I got into a bit of trouble with some publicists recently because in a capsule review of Gus Van Sant’s latest film Milk, I gently chastised that film’s U.S. distributor, Focus Features, for holding back its release until after the presidential election. The folks at Focus have been quite sensitive about these issues, due to negative pre-release blog buzz which intimated that Milk had been held back from the fall festivals (Cannes, Venice, and Toronto) because it was a piece of junk. I, for one, never bought this; Focus and Van Sant were quite astute in their decision to world premiere Milk at San Francisco’s Castro Theatre, right at the epicenter of Harvey Milk’s political influence. But watching Milk mere days after the election of Barack Obama was simply uncanny. Entire chunks of Dustin Lance Black’s script, much of it taken from Milk’s own writings and recordings, sound exactly like the political oratory of the Obama campaign. Milk’s comedic tagline («I’m here to recruit you») is a little too out-and-proud for this cagey new administration, but the sincere soundbite – «You gotta give ‘em hope» – provides the notably absent GLBTQ piece to the Obama puzzle.
So, where was Milk, and were Focus? On the one hand, the studio has an Oscar campaign to run, and so getting the film out into the world where it might have had some impact on the anti-gay legislation that swept into office on 4 November was clearly of secondary importance only. It represents a degree of corporate self-interest hardly in keeping with the film’s subject, but I’m glad to give Focus a pass, on the grounds that few if any works of cinema ever result in direct political impact. Certainly the self-selected audience for Milk is not undecided on the question of GLBTQ rights. But perhaps more significantly, the absence of Milk from the pre-election scene mirrors the deafening silence from the Obama-Biden camp were gay rights is concerned. The official platform offers comforting assurances, but the selection of professional homophobe Rick Warren to deliver the invocation at Obama’s inauguration (the Pastor of Saddleback Church has publicly compared gay marriage to pedophilia and incest) tells another story.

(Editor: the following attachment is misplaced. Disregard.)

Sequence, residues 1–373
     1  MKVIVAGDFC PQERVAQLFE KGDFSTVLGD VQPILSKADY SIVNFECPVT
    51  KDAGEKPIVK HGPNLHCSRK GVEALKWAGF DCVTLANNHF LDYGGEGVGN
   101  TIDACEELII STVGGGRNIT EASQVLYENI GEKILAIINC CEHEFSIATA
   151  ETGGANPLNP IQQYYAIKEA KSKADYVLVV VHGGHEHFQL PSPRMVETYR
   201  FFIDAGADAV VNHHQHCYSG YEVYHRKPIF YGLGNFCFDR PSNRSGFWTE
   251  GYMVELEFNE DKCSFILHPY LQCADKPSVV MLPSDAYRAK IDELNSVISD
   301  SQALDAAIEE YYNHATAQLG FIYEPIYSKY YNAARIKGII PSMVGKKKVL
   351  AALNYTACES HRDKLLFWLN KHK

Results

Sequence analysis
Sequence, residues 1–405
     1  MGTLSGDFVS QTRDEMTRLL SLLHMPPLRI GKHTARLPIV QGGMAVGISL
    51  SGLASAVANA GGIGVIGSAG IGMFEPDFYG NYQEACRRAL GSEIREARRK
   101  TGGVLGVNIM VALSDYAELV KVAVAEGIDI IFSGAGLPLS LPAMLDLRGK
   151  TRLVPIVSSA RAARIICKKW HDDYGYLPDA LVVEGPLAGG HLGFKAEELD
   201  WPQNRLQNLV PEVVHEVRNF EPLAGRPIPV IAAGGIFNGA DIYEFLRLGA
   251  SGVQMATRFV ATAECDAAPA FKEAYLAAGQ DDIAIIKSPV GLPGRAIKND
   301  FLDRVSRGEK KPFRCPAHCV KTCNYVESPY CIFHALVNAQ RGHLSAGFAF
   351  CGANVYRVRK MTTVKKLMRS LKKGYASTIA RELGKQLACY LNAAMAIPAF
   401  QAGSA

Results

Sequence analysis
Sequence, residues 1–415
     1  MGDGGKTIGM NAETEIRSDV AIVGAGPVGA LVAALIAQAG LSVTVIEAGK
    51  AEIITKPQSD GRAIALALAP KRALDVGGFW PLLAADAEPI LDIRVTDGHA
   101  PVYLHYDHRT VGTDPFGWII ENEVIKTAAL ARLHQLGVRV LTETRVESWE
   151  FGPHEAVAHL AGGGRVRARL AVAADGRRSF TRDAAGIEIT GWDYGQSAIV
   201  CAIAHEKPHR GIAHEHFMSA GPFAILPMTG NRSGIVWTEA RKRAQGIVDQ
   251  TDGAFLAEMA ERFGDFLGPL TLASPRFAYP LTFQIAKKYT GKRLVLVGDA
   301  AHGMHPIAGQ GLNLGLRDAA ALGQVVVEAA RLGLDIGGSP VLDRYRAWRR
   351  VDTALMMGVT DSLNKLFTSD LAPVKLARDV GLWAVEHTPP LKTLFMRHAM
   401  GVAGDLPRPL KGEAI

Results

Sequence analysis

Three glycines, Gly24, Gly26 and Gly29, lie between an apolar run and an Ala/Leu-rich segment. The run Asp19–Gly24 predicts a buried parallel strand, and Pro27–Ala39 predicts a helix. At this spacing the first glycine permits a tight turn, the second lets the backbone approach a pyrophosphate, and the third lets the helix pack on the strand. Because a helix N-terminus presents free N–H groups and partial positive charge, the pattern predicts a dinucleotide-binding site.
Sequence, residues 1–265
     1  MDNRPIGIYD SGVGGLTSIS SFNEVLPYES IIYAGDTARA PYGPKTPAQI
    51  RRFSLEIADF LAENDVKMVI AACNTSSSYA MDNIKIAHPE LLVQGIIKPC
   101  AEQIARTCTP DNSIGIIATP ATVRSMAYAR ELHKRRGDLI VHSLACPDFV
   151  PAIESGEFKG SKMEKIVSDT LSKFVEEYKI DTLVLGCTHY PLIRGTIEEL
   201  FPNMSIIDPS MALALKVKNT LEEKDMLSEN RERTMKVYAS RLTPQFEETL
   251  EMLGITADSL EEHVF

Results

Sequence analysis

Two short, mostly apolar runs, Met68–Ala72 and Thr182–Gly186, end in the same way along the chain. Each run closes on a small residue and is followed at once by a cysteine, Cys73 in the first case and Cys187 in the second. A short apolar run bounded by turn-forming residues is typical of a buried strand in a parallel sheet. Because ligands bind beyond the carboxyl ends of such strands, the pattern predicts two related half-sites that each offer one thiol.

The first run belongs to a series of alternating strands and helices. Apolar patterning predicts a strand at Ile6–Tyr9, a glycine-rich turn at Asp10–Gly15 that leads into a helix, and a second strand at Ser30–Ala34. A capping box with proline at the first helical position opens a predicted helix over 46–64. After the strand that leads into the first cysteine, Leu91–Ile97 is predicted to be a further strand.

And so, with Milk, we have a film that must be discussed as a piece of political rhetoric, chiefly because its other properties merit so little consideration. Van Sant coaxes fine performances from Sean Penn, Emile Hirsch, and James Franco, as well as rather cartoonishly overdetermined ones from Diego Luna and Josh Brolin. But mostly Milk hits every last «beat» of the biopic genre, roughly covering the period from Harvey Milk’s arrival in San Francisco to the immediate aftermath of his assassination. The script, particularly in Milk’s frequent stump speeches but even in much of the private, internal banter, foregrounds the force of rhetoric, the appeals to ethos and pathos, always situating gay rights (and I mean «gay» here; it is a very gay male film) firmly within a civil rights framework (that is, patently reaching out to liberal-centrist values) even as Milk the man abjures such approaches as cowardice. Milk’s rhetoric of hope and the promise of America for all dovetails so completely with that of the Obama campaign that it cannot be accidental on Van Sant’s or Black’s part. And yet, Milk was precisely the part of the Obama message that had to be, well, hidden in the closet until the election was safely in the bag. Sit tight, don’t make waves, it’ll all be okay.